Sunday, September 21, 2008

High-Tech IT To Find And Contact Potential Voters

Ground War: Obama And The Long March
By Thomas B. Edsall
The adoption of new, high-tech information technologies to locate and contact potential voters began in earnest in 2001 under the guidance of TargetPoint Consulting president Alex Gage, the Republican operative who earned a substantial share of the credit for the highly successful 2004 Bush-GOP microtargeting-GOTV drive.

Gage, whose firm continues to work for the Republican National Committee, said his impression is that the Democrats have made giant steps in the technology of voter contacts, and are well positioned to capitalize on the support Obama has generated.

Ken Strasma, president and founder of Strategic Telemetry, is performing microtargeting GOTV for the Obama campaign. He argues that, in some cases, the predictive accuracy of his firm's modeling of voter profiles is in the 99+ percent range.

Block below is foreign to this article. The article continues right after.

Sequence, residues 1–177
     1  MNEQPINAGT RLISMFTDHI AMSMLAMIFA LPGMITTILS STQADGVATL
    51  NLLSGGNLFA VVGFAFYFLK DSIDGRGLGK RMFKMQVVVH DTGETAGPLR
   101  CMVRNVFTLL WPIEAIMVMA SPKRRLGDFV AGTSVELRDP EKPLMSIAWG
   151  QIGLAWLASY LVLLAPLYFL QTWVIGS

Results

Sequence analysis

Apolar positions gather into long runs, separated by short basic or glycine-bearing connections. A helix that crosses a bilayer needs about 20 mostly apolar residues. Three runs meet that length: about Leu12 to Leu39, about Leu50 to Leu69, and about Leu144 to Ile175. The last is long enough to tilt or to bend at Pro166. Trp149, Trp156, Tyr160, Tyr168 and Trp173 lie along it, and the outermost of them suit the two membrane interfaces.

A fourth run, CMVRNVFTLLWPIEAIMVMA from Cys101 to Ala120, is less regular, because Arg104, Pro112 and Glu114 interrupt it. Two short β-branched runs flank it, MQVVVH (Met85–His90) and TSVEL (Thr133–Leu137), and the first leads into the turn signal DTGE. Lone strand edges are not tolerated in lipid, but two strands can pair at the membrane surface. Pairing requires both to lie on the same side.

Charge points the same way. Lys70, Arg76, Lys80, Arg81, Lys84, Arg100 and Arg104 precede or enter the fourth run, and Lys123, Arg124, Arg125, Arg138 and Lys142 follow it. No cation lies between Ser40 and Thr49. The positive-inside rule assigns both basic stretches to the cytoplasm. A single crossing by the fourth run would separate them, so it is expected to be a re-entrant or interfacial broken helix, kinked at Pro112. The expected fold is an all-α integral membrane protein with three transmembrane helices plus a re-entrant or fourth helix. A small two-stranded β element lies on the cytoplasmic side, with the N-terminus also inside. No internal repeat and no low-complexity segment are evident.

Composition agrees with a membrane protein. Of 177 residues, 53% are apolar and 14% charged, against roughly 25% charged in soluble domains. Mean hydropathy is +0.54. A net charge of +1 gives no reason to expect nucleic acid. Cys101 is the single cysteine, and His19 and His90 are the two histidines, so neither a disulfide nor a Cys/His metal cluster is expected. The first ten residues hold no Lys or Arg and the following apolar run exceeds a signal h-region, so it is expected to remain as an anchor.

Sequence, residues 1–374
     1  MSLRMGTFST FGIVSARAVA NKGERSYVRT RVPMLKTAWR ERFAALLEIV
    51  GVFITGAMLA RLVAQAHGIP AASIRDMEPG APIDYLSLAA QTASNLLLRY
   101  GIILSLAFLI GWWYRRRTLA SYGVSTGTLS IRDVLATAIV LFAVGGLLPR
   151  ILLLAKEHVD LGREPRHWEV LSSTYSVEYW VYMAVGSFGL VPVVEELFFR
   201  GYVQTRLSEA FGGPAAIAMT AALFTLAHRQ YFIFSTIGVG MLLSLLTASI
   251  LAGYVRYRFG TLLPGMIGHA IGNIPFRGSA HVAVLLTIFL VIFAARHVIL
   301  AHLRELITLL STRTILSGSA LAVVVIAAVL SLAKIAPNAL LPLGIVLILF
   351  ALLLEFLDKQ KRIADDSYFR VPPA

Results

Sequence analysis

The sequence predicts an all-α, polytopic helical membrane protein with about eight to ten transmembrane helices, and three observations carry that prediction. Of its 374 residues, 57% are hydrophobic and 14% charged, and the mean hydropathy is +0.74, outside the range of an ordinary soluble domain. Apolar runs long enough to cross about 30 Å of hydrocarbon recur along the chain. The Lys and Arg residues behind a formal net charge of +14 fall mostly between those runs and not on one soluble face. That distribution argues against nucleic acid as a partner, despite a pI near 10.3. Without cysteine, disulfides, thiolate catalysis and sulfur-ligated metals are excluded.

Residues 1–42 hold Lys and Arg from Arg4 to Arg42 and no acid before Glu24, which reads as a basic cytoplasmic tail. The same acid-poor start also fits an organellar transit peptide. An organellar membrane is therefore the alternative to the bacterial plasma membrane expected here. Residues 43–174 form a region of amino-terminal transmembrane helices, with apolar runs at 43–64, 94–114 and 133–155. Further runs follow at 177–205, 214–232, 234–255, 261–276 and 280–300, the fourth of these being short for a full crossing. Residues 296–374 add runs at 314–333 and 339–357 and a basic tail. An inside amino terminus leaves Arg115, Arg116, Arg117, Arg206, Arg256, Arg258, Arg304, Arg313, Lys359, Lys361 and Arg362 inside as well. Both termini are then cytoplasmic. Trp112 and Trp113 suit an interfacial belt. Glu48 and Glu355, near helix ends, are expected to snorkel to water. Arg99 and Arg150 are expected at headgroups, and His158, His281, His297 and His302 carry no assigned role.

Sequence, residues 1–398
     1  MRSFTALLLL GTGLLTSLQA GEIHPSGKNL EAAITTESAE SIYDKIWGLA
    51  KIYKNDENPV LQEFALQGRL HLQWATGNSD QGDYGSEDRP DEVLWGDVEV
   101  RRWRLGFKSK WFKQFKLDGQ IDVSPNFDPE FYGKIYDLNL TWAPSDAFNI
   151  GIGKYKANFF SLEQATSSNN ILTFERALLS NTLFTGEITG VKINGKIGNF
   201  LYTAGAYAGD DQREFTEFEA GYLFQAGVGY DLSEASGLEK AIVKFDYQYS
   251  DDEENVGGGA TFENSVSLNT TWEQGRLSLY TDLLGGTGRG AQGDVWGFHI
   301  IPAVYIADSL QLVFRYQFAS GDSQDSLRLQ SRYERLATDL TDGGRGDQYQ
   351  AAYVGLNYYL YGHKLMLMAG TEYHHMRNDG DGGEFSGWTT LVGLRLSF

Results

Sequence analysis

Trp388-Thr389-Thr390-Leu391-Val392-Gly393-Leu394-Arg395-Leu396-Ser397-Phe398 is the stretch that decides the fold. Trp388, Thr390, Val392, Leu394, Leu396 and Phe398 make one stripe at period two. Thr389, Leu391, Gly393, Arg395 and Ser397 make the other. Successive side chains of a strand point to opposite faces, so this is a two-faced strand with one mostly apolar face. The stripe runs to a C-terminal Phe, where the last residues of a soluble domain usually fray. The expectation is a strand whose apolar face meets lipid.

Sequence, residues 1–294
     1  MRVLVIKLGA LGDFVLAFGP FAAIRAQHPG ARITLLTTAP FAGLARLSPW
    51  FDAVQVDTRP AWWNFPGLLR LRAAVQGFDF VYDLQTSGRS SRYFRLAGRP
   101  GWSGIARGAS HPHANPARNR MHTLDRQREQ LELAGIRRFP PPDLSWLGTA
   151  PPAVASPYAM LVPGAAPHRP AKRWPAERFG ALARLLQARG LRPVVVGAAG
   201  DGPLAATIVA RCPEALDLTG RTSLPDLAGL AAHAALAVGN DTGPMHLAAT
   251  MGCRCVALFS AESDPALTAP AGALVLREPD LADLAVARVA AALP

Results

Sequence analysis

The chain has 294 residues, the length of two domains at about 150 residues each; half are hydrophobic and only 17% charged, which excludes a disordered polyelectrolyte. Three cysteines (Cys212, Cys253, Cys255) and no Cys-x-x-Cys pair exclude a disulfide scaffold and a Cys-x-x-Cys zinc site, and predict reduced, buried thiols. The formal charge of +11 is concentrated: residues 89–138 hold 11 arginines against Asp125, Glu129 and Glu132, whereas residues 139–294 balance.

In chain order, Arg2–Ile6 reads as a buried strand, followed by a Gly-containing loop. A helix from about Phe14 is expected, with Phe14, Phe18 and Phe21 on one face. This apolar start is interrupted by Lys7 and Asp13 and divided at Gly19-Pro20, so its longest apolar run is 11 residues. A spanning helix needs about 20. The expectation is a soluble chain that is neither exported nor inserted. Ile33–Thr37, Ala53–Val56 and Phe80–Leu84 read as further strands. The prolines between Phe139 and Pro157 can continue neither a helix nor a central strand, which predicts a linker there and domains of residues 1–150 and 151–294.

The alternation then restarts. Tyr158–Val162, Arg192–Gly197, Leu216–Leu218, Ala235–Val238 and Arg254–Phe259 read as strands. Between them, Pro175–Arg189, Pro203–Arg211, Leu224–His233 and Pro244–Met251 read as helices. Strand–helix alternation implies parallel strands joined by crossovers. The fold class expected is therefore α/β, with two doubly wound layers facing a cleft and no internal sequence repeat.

In the aftermath of the 2004 Republican victory, both the Democratic National Committee and Catalist, a company created by Democratic operatives Harold Ickes and Laura Quinn, began parallel voter list development programs. Strasma has used data from both the DNC and Catalist.

Each category of voter as broken down by Strasma requires different methods of contact. Within the broad category of those committed to vote for Obama are both those who can be trusted to go to cast ballots November 4 with little or no encouragement, and those who are not reliable -- who will have to be pushed, prodded, and possibly driven to the polls. The undecided, in turn, fall into a host of categories, ranging from those with specific issue agendas to be addressed (taxes, Social Security, health care) to those wondering if they can bring themselves to vote for an African American.
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